The scholarship of teaching and learning is primarily concerned with improving student learning. Of course, we want our students to learn our disciplines, we want them to become critical thinkers, and we want them learn to write. But this study looks at how learning impacts a student’s optimism or pessimism. We believe that it is an important topic in today’s world and provides an important new topic in the scholarship of teaching and learning. This study is co-authored by two team-teachers and three honors students. Using an Introduction to Politics course as case material, the study provides a pre and post-test measuring student optimism versus pessimism on a wide variety of political issues facing Generation Z students. Then we provide a content analysis of honors essays which were collected during the semester and interviews with our three honor student co-authors. We draw initial conclusions about optimism versus pessimism in teaching and argue that a larger research agenda around this topic would benefit the scholarship of teaching and learning literature.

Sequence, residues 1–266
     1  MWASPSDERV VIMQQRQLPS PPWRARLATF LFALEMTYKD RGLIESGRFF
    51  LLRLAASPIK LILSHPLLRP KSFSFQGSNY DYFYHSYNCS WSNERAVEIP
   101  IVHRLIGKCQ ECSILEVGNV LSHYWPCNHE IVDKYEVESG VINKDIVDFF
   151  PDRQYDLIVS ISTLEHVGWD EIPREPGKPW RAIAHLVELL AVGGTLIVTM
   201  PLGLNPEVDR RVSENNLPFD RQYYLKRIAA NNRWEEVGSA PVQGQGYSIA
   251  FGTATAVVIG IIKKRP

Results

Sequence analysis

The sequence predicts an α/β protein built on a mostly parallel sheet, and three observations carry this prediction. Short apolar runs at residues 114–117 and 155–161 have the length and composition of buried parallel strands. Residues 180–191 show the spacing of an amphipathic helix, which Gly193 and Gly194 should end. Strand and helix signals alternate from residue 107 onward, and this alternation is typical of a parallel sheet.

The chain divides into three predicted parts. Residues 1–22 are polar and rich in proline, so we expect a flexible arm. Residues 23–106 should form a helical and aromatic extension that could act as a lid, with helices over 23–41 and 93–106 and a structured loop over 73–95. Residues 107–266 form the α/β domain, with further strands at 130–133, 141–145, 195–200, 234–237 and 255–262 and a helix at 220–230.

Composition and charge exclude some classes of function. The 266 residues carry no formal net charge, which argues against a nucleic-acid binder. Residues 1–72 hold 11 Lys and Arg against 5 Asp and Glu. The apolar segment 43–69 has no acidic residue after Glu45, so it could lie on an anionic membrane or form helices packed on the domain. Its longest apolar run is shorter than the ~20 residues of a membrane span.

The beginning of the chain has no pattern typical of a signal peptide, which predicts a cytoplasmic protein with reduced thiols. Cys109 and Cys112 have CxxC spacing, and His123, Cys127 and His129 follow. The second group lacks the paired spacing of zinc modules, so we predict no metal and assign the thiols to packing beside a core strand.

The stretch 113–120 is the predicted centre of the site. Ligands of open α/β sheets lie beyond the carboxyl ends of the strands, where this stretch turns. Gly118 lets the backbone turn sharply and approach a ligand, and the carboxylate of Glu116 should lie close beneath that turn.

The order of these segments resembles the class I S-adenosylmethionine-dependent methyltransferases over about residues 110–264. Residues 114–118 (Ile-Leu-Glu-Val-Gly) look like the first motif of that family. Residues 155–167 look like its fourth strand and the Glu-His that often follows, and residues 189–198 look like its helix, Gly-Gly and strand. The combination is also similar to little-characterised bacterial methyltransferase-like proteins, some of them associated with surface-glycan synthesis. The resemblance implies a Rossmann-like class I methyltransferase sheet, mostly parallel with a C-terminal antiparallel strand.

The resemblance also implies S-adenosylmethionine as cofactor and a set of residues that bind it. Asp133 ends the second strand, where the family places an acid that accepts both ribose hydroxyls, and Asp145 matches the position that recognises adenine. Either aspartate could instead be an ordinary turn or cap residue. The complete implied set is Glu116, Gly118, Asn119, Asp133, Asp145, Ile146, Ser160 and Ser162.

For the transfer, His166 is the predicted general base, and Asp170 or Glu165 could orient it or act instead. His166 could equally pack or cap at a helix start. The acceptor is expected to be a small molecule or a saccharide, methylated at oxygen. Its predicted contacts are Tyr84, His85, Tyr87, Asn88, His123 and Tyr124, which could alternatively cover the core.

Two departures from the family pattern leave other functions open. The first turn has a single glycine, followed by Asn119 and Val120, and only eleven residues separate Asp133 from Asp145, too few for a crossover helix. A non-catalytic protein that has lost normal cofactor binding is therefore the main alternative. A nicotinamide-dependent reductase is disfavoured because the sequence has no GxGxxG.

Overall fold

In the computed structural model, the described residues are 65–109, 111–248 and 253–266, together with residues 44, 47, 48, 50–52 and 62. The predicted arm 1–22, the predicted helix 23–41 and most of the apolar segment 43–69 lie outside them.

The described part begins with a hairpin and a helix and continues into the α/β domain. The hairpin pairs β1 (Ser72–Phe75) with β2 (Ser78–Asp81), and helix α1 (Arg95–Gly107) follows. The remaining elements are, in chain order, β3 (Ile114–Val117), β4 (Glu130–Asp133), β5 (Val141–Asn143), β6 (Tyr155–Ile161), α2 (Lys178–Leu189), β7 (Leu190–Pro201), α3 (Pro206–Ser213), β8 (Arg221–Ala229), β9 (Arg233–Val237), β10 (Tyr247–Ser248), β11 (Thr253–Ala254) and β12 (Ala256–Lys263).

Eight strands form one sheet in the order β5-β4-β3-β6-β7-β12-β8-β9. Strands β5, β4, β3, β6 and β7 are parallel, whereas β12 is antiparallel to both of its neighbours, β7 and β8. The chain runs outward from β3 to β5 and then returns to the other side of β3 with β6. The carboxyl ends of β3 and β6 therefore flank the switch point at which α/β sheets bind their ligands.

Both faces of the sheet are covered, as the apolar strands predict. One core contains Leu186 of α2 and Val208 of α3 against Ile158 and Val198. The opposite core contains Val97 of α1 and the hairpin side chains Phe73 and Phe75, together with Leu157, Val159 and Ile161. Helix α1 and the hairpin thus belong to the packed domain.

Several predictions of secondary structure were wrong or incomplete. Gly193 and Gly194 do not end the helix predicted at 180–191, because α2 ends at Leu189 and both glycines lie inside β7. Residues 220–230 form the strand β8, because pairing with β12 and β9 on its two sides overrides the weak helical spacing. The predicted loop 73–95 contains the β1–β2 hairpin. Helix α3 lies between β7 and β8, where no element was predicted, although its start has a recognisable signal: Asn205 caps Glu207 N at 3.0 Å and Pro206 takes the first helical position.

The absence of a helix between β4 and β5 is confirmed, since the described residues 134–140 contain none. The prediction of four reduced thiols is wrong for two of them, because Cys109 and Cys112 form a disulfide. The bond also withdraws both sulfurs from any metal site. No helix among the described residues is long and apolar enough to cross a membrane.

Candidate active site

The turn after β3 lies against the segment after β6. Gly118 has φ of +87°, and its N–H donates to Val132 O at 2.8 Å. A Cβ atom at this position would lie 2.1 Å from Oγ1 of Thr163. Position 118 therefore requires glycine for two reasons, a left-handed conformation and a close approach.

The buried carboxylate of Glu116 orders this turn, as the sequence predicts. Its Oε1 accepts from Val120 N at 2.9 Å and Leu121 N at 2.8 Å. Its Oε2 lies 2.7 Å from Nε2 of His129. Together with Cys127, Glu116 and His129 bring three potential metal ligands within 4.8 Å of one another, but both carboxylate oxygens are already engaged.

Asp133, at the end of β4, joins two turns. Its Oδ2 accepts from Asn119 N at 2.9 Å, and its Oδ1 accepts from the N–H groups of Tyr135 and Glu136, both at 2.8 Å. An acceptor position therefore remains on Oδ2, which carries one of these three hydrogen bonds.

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McBeth, Mark K.; Blakeman, Jonathan W.L.; Kearsley, Logan; Tyler, Alyson; and Villanueva, Emma
"Teaching Generation Z Students About Politics: Optimism or Pessimism?,"
International Journal for the Scholarship of Teaching and Learning:
1, Article 5.
Available at: https://doi.org/10.20429/ijsotl.2023.17105